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Re: Edmund Rubbra (1901-1986)
« Reply #170 on: August 16, 2017, 11:08:22 AM »
New release:


Also includes music by Cyril Scott performed by Rubbra.
« Last Edit: August 16, 2017, 11:10:09 AM by vandermolen »
"Courage is going from failure to failure without losing enthusiasm" (Churchill).

Offline The new erato

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Re: Edmund Rubbra (1901-1986)
« Reply #171 on: August 16, 2017, 12:29:32 PM »
We kept the picture:
Great for slicing up pedestrians!

Offline vandermolen

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Re: Edmund Rubbra (1901-1986)
« Reply #172 on: August 16, 2017, 12:50:10 PM »
Great for slicing up pedestrians!
Yes, several were tragically chopped in half when I helped Danielle transport her harp to the concert.
 8)
"Courage is going from failure to failure without losing enthusiasm" (Churchill).

Offline vandermolen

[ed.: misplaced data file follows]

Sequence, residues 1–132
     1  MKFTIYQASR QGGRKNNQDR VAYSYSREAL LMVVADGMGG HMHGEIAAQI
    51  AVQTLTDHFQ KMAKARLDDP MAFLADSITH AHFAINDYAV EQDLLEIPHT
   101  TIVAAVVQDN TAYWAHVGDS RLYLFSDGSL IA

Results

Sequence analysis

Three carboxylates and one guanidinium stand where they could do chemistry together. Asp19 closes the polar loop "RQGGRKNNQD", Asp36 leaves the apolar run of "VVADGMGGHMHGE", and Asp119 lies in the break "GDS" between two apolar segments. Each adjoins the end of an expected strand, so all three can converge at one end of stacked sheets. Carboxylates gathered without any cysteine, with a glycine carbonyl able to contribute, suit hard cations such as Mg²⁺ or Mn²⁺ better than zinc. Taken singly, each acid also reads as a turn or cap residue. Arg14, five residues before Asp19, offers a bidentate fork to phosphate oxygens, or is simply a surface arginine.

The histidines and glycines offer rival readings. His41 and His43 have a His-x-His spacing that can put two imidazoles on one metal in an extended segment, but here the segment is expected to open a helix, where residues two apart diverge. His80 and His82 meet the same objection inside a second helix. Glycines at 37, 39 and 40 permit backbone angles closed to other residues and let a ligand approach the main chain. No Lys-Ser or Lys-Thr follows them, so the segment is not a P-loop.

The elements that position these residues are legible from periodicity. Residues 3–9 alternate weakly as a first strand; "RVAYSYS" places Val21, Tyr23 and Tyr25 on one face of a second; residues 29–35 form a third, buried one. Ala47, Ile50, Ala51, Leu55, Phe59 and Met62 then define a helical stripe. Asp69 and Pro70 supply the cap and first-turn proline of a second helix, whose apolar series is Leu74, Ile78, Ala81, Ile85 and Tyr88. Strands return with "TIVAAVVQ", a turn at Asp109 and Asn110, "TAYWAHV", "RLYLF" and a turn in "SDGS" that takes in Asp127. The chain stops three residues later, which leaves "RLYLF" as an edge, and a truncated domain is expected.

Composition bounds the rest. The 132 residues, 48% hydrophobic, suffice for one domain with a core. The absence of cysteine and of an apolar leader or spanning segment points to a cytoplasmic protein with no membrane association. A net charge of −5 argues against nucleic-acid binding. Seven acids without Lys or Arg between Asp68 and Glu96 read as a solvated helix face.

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Re: Edmund Rubbra (1901-1986)
« Reply #173 on: January 10, 2018, 02:00:51 PM »
Looks like a fascinating new release. It features the premiere performance of the moving 4th Symphony conducted by the composer (in military uniform) at the Proms in London in 1942. The 4th Symphony has a wonderfully inspiriting conclusion and a most beautiful opening. Boult was the dedicatee of Symphony 2:

"Courage is going from failure to failure without losing enthusiasm" (Churchill).

Offline Christo

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Re: Edmund Rubbra (1901-1986)
« Reply #174 on: January 10, 2018, 11:14:37 PM »
Yes, several were tragically chopped in half when I helped Danielle transport her harp to the concert. 8)
Fabricando fit artem, you've got to crack a few eggs to make an omelette.  ;D
… music is not only an `entertainment’, nor a mere luxury, but a necessity of the spiritual if not of the physical life, an opening of those magic casements through which we can catch a glimpse of that country where ultimate reality will be found.    RVW, 1948

Offline vandermolen

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Re: Edmund Rubbra (1901-1986)
« Reply #175 on: February 08, 2018, 02:07:17 PM »
Looks like a fascinating new release. It features the premiere performance of the moving 4th Symphony conducted by the composer (in military uniform) at the Proms in London in 1942. The 4th Symphony has a wonderfully inspiriting conclusion and a most beautiful opening. Boult was the dedicatee of Symphony 2: